“Recession” is a scary word but worries of an upcoming recession are not something that should keep people up at night.“A recession is not necessarily the end of the world,” says Peter Ricchiuti, a finance speaker and professor at Tulane University, told CUNA Lending Council Conference attendees during a keynote address Monday morning in Anaheim, Calif.While the 2008 recession is still fresh in people’s minds, they shouldn’t believe any future recession would be similar to that one, because that recession was a “whopper” that lasted 18 months. Ricchiuti, who gave a keynote address at the CUNA Lending Council Conference Monday morning in Anaheim, Calif., says that was more like a depression.There are three stages of bear market, Ricchiuti says—denial, reality, and surrender. Currently, he says the population is in the reality stage, where stocks are declining and investors are beginning to realize how weak the economy is. ShareShareSharePrintMailGooglePinterestDiggRedditStumbleuponDeliciousBufferTumblr continue reading »
“In order to make a choice, you need the power to see there is one.” – Gloria SteinemMost of us have been in a place where there do not appear to be choices or options. This can happen for organizations as well, particularly when it comes to group decisions. Boards of directors regularly make decisions critical to a credit union’s prosperity—one of the costliest is facility occupancy, as it is the second highest and least flexible use of resources.While occupancy decisions seem like they would be straightforward, often they are not. Bias can be a big influence. In the process of completing a branch network occupancy study, I noted that a $3.5 million investment in a new urban branch would never break even due to its location, lack of surrounding target member segments, limited interest in expanding product lines and high facility cost. The branch was three years old. The board did not want to leave the site due to the big investment they made. They were stuck. But when the study was completed and the board was presented with rational business options, they sold the building, took a loss and relocated to a profitable location with a two- to three-year break-even estimate. They saw choice where they did not before. continue reading » ShareShareSharePrintMailGooglePinterestDiggRedditStumbleuponDeliciousBufferTumblr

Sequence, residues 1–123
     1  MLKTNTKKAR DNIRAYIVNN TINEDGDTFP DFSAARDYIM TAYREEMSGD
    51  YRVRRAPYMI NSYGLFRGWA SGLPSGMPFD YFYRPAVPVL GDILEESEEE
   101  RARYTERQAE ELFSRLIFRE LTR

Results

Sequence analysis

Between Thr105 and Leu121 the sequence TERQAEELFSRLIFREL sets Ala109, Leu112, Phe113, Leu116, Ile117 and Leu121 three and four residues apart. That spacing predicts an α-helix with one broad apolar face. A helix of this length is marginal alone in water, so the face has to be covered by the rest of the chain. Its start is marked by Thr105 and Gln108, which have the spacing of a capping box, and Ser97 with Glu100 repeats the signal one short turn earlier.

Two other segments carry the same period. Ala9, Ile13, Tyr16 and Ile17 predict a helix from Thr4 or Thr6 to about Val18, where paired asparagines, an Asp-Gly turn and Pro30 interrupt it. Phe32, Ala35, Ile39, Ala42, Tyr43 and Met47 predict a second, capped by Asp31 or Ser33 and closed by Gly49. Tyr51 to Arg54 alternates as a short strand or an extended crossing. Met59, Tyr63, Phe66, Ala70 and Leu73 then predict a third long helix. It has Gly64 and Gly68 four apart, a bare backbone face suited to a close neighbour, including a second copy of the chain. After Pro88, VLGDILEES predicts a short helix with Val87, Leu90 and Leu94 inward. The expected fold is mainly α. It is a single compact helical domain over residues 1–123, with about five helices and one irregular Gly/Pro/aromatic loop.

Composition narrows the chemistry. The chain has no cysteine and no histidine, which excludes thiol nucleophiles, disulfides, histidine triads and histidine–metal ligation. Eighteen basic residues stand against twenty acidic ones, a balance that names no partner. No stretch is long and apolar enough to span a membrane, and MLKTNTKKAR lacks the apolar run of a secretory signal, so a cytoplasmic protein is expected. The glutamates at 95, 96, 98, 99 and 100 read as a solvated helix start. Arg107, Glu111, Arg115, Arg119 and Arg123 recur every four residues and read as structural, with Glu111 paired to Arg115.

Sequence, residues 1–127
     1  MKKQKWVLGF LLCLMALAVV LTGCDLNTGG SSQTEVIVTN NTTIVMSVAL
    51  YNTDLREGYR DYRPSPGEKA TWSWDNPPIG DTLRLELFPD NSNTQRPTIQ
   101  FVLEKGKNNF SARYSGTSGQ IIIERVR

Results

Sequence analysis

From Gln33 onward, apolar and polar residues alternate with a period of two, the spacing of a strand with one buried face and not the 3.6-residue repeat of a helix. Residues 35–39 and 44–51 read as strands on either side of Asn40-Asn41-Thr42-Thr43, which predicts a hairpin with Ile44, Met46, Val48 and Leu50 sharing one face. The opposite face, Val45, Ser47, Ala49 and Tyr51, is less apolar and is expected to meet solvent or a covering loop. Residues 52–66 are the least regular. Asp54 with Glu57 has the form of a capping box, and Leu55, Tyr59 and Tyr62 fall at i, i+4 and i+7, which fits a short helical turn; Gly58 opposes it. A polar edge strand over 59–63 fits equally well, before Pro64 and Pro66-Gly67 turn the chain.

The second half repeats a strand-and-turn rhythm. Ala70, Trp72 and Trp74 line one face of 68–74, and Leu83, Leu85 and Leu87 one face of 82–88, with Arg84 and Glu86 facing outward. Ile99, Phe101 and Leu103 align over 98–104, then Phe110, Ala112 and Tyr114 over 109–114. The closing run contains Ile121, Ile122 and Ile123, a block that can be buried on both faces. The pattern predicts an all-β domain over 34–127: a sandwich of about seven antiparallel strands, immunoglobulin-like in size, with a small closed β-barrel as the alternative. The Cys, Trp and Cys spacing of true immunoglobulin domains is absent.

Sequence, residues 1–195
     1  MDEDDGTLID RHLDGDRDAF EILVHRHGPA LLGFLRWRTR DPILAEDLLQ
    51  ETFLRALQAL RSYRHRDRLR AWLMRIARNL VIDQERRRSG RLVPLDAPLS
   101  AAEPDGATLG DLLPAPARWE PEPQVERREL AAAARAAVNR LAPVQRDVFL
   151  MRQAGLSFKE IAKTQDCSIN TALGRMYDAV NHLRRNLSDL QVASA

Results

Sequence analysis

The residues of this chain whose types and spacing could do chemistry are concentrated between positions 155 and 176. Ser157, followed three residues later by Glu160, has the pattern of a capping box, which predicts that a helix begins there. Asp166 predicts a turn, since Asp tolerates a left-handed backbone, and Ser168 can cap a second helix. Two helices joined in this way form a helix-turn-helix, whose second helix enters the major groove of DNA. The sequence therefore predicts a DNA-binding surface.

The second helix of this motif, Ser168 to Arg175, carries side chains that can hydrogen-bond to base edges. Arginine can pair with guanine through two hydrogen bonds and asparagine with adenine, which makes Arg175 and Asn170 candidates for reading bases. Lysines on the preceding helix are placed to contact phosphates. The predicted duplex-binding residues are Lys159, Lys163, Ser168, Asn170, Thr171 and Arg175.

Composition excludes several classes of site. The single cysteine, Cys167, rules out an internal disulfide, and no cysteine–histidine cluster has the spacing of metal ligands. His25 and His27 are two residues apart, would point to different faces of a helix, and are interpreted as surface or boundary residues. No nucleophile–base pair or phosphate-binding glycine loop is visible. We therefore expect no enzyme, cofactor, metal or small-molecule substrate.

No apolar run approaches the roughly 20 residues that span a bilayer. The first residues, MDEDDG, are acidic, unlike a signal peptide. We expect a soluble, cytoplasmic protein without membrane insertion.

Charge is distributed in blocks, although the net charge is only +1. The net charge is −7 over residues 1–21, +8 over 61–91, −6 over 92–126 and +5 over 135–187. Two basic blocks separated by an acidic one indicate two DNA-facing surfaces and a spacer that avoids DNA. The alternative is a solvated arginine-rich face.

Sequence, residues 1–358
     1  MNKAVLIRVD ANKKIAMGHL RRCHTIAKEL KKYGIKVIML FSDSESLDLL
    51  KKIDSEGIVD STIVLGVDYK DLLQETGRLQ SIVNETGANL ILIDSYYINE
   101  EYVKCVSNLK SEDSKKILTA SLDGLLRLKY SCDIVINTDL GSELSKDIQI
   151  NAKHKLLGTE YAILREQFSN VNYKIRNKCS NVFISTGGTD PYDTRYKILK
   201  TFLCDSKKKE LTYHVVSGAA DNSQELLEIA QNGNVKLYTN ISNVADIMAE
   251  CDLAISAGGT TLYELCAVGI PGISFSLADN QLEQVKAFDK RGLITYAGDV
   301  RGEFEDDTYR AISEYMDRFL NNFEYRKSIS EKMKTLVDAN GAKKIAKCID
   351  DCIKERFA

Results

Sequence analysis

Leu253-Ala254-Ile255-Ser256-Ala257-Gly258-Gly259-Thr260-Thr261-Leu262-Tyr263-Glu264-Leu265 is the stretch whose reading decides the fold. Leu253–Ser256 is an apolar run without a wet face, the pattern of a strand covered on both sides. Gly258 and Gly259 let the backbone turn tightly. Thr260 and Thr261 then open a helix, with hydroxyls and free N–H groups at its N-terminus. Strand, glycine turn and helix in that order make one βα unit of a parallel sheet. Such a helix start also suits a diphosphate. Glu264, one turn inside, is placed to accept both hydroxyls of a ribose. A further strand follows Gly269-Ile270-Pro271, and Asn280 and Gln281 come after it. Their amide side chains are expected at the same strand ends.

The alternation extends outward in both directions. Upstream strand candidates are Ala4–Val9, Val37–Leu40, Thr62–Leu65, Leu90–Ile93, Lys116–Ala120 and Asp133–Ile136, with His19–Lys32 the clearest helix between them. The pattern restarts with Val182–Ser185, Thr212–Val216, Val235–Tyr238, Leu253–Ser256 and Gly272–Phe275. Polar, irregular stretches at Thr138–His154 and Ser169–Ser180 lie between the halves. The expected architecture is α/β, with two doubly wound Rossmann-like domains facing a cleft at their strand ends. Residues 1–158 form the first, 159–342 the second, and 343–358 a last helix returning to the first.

“A real leader, they really don’t make guys like Don Warner anymore. A chip off that generation’s block,” said Owego Fire Department member and historian Patrick Gavin. Warner joined the department after graduating from Owego Free Academy and over the years he left his mark. Gavin says his father and grandfather worked side-by-side Warner. Warner was fire chief from 1984 to 1985 and four years prior, he was going through the ranks as assistant chief. It’s a loss that goes even deeper than the department. “I often heard him referred to as a voice of reason and somebody that department members really respected,” said Gavin. “It’s a challenge because you look back to those folks to guide you and give you the direction needed, especially during these difficult times of COVID. Making sure everything is prepared and you’re doing your job right to serve your community,” said Morris. Gavin remembers hearing stories of two block fires in the 80’s that Warner played a major role in. Warner won Owego firefighter of the year in 1983. “Anybody who commits six years of their life as a chief officer with that huge responsibility and all of the work involved, definitely a servant of the community,” said Gavin. “Just gave his life and devotion to the Village of Owego and the community,” said Morris. “Everything I’ve heard was he was a laid-back, go-getter, making sure the job was done and done right,” said current Owego fire chief Jim Morris. “Those fires were very intense and if they weren’t tackled by the members of the Owego Fire Department, the whole village could have burnt down,” said Gavin. (OWEGO) — The Owego Fire Department is mourning the loss of a lifetime member, Don Warner. Not only a standout firefighter but a standout guy, making for a tremendous loss for Owego Fire. He also recalled hearing about a silo fire where Warner had the wits to collaborate with the Cornell Cooperative Extension. Warner passed on May 31 at 76 years old.